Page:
George Freeman responds to Parliamentary debate on accessing drugs for ultra-rare diseases

 
The Parliamentary Under-Secretary of State for Life Sciences (George Freeman): I start by thanking Mr Speaker and the Speaker’s Office for granting this debate and for allowing the Twitter debate, which has been a big step forward for public engagement. I thank the hon. Member for Leeds North West (Greg Mulholland) for bringing the debate to this forum this afternoon. I suspect that in the 14 minutes I have available, I will not be able to answer every question, but I have made a detailed log and, with permission, perhaps I can write all those present with answers if I run out of time.
 
I pay tribute to the parents and the patients, some of whom are here today, whom I have got to know over the past few months, particularly Sam Brown and his mother, Katy, Jagger Curtis and Archie Hill. Others have mentioned the MPS Society and Christine, and the many people in Action Duchenne and the Muscular Dystrophy UK group. This campaign raises some of the hardest issues at the heart of public health and the NHS, and is being driven hard by the parents and patients with active representation from all parties in the House. It is my job to respond as best as I can and to try to put in place a policy landscape, but I pay tribute to them for their work in raising difficult issues that need to be dealt with. I do not think anyone can fail to be moved by the situation that the parents and children find themselves in. I assure them, as I do everyone else in the Chamber, that I wish there were an easy solution.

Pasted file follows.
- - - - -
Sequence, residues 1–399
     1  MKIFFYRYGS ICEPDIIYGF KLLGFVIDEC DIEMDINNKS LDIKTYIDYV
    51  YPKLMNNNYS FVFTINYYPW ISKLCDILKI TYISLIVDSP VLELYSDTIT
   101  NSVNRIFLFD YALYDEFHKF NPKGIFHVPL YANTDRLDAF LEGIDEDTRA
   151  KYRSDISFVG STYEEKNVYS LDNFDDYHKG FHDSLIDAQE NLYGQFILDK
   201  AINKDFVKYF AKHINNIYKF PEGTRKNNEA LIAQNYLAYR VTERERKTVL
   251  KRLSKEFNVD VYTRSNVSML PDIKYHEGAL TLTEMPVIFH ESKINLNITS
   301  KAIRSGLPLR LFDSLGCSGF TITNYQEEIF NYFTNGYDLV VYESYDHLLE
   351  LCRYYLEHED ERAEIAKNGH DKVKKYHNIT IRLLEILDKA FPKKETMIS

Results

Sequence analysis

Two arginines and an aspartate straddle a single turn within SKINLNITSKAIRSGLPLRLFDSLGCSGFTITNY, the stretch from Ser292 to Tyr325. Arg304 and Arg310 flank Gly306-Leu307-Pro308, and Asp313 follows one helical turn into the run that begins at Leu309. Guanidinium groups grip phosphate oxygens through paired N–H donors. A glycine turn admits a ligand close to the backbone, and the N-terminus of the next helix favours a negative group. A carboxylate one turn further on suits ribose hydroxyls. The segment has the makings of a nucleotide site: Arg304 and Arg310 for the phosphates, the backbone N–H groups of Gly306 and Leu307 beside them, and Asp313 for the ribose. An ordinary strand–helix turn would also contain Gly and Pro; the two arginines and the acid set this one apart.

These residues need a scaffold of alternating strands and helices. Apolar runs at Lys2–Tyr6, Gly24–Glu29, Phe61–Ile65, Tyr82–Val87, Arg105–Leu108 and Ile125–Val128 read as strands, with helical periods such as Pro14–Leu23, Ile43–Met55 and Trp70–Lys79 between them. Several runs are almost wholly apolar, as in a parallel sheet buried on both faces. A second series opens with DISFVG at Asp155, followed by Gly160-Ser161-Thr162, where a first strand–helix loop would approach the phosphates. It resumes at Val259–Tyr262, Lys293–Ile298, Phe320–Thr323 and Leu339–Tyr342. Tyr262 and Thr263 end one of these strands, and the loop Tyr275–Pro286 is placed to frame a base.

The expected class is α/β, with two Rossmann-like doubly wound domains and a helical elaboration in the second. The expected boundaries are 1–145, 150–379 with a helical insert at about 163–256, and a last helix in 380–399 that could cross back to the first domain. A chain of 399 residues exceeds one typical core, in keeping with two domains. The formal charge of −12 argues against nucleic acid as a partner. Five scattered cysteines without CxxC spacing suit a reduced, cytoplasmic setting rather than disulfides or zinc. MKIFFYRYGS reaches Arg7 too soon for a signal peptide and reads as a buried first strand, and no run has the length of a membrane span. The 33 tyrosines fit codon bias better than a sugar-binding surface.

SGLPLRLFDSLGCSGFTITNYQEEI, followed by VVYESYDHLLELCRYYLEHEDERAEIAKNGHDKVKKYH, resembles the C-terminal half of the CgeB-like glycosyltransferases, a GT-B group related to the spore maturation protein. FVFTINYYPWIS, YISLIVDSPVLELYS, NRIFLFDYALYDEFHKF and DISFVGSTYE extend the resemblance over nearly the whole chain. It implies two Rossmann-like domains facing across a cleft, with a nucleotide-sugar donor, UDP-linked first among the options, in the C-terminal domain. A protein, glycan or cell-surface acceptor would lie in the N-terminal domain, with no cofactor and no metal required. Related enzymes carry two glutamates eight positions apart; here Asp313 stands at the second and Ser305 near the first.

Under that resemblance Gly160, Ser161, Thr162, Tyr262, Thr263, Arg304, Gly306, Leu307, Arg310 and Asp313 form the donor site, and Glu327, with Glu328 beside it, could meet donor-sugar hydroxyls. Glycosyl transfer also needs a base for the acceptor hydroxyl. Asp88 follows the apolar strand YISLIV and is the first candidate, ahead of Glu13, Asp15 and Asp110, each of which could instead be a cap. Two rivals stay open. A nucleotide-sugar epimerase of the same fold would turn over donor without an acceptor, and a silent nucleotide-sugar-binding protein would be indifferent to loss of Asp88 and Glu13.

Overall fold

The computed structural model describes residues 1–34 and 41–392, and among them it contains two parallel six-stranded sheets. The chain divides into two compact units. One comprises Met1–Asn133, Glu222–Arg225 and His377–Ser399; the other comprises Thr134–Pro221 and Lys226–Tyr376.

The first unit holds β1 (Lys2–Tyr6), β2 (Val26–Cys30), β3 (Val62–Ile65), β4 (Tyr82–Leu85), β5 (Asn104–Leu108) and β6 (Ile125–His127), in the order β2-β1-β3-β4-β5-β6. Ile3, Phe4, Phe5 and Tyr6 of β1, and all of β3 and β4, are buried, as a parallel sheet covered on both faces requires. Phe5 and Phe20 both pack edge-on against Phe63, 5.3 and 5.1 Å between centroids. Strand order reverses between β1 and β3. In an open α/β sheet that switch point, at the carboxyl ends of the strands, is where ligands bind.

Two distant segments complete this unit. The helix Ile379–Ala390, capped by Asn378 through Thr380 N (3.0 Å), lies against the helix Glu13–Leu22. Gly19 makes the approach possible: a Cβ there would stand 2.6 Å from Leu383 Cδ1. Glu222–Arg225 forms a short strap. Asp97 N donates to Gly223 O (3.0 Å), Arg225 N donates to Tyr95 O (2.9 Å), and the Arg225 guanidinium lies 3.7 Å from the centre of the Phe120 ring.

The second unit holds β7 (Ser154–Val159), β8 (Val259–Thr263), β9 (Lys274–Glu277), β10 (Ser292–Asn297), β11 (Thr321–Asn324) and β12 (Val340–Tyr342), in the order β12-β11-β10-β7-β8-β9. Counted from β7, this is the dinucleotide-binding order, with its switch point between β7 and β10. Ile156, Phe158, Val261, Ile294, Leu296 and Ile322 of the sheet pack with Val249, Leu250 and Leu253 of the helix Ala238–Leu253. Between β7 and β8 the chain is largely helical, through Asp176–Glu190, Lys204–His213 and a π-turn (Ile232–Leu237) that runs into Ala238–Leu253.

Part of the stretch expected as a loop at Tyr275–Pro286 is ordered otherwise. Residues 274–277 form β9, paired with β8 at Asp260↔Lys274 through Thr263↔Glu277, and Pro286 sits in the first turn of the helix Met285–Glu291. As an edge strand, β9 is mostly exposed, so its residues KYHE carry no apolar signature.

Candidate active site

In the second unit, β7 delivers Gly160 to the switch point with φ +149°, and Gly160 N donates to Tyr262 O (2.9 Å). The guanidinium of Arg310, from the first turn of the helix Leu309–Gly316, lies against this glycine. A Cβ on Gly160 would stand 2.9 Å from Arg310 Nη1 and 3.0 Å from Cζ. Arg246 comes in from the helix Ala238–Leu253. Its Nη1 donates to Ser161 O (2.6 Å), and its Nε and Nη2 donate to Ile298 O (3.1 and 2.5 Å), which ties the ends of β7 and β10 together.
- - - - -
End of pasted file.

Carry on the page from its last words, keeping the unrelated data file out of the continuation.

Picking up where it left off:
It is absolutely right that every child and patient in this country should ask for and expect the very best from our NHS, but it is equally true that, as a taxpayer-funded, universal, free-at-the-point-of-use, comprehensive health service, we simply cannot afford to provide every single treatment. I will say some more about the pressures on the system, particularly in the field of rare diseases.
 
As several Members have been kind enough to point out, this is one of the issues on which I have worked most tirelessly since taking office as the first Minister for Life Sciences last year. I have had several meetings with the hon. Member for Leeds North West and campaigners. Indeed, the Prime Minister and I spent more time talking about this subject than any other in my first nine months in office. I continue to work with NHS England to help it develop a more appropriate mechanism for the transparency and timeliness of its processes in all the specialist services. I have met MPs from all parties, patient groups, drug companies, campaigners and children, and I will continue to be happy to do so.
 
These are some of the most complex, difficult and life-changing decisions that any Department has to deal with. It is in everyone’s interest that such decisions are taken not by politicians but by clinicians and healthcare professionals, whose job it is to make those decisions—indeed, they do it for us every day of every week of every year. I thank them for that.